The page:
VOICES | Is U.S. a financial basket case?


One would have to have an MBA from Harvard to comprehend fully the complexities and nuisances involved in this Wall Street-federal government debacle during the past fortnight that is so rapidly changing our entire monetary system.

However, what we do know is that the U.S. Treasury is having to fork over $700 billion (with a “B”) of our tax monies to even the playing field. What effect that will have on our surviving economy is still uncertain.

According to some in the know, it will threaten the stability of our entire fiscal system, precipitating a catastrophic financial meltdown. One financial guru put it this way: “This will be the first time in the history of capitalistic economics that a world superpower has transformed itself into a Third World nation within a month’s time.”

He predicts that, like existing Third World nations, we too will probably have to resort to getting help from the World Bank and the International Monetary Fund ( that we helped to create) rather than being a major contributor.
How did we allow ourselves to get into this situation to start with? The Monday-morning quarterbacks are saying that the government allowed the major financial giants of Wall Street to take over our entire financial industry without establishing the necessary and prudent oversight.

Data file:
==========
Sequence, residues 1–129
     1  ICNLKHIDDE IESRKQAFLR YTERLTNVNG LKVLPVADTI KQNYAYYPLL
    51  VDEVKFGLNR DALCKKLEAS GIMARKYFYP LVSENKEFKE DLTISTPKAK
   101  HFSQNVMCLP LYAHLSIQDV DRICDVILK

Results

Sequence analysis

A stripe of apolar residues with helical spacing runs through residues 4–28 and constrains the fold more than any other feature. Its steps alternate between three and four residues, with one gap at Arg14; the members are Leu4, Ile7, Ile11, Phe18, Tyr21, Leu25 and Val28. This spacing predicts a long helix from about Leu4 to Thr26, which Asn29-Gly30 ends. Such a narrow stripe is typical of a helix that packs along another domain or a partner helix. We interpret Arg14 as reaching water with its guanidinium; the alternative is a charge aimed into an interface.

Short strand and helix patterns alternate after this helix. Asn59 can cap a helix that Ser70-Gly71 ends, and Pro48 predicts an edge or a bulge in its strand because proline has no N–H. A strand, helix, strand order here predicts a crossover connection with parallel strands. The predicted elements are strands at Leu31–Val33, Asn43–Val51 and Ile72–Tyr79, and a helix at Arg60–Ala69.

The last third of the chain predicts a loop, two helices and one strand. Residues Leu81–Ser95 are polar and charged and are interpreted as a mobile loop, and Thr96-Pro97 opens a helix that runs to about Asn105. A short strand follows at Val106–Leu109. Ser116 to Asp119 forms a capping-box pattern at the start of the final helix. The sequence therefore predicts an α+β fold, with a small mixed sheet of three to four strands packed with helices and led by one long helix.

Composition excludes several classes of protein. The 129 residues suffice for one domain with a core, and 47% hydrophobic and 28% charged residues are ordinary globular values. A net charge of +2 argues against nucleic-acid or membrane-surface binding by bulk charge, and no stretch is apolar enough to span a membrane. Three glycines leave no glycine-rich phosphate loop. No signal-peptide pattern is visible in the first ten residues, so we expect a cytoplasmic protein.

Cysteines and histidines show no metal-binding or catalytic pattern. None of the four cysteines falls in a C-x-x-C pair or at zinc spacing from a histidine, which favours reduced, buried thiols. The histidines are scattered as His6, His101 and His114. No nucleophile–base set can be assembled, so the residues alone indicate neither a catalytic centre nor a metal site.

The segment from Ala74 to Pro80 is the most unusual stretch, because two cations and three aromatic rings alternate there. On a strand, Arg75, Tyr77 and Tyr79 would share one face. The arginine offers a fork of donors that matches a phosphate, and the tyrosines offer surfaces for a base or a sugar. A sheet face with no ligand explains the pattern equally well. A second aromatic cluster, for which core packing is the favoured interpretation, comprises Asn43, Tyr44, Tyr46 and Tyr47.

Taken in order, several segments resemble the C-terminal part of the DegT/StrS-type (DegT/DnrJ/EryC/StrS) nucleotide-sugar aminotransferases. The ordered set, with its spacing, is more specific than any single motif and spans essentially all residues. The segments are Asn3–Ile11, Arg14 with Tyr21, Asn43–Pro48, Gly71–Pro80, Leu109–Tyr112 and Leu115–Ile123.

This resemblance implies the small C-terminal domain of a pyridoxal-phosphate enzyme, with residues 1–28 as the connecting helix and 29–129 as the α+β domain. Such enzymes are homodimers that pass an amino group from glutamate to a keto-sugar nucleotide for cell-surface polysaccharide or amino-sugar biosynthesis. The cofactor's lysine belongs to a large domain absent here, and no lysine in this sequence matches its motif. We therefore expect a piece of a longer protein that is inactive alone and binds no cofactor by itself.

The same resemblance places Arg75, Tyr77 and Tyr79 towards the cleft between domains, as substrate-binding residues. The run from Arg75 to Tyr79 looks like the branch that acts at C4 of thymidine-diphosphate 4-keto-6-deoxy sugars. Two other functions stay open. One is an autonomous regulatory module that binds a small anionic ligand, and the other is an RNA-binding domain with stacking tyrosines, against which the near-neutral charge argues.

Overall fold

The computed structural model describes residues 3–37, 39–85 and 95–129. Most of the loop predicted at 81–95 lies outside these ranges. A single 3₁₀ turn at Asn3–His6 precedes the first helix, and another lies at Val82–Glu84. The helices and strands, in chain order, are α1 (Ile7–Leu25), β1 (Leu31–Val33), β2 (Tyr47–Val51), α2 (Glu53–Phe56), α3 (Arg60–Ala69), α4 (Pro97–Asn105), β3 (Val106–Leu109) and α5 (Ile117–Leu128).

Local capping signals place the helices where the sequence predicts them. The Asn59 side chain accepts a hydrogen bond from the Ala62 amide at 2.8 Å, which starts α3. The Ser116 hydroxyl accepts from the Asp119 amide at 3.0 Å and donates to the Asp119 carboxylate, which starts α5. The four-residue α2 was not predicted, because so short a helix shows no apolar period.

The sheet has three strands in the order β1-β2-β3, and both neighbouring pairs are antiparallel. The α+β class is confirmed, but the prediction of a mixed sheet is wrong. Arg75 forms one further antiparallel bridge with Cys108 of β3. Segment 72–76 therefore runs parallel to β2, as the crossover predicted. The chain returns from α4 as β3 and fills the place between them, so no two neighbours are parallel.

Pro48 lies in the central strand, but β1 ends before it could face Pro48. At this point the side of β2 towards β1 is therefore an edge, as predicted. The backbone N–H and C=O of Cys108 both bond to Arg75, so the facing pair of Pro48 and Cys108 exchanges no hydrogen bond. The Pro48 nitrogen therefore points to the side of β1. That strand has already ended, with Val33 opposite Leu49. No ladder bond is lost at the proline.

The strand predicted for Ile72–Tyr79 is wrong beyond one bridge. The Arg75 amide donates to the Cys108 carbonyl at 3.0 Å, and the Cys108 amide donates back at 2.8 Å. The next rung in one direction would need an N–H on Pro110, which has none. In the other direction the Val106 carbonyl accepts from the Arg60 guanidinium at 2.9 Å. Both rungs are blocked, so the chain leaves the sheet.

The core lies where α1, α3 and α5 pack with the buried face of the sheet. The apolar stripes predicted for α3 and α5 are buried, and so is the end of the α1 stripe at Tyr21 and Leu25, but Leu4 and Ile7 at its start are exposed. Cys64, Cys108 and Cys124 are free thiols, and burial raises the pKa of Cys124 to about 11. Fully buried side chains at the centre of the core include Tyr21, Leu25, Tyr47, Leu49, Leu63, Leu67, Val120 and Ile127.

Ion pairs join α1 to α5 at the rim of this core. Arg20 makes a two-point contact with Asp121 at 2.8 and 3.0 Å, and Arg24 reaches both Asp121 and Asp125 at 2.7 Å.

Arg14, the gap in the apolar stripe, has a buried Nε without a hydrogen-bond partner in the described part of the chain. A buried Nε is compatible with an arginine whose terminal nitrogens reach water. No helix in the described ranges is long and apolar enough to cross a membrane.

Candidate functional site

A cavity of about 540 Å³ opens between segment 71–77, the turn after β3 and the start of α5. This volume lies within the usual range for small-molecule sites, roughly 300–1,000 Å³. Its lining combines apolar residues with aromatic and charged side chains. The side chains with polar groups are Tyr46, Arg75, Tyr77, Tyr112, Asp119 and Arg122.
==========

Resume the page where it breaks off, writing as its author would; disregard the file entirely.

Since this situation has peaked during a national election, it might be a good time to look back on its political origin. Every since the Reagan administration, the monitoring of big business has been considered an anathema — especially with the Republicans that controlled Congress most of those years.
They contended that government oversight hampered business ingenuity. There was a slogan popular with them that went something like this: “Government that governs least governs best.”

Our present GOP nominee for president, Sen. McCain, was foremost among the deregulation crowd. But now that the giant controllers of our monetary system are in deep do-do, they are yelling for us to bail them out with billions of dollars of taxpayers money.

The rationale for the giveaway is that these firms are “too big to fail.” Well, what about the independent neighborhood business. Is it too small to live?
The other thing that bothers many is the urgency being applied to settlement. Congress is scheduled to adjourn soon, and supporters of the bailout are insisting that it must be accomplished during this session.

Matthew Little welcomes reader responses to mlittle@spokesman-recorder.com.